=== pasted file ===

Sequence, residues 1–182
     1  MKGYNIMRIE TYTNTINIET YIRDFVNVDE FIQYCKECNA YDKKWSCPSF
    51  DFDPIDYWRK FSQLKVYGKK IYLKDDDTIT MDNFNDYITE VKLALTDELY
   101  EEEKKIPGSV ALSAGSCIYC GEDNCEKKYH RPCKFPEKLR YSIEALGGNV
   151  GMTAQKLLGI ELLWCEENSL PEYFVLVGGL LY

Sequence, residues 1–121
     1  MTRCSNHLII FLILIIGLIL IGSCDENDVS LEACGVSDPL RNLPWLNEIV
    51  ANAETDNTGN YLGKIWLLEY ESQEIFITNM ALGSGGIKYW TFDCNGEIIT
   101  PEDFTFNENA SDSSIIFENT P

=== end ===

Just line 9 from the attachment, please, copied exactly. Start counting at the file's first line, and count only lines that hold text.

   101  PEDFTFNENA SDSSIIFENT P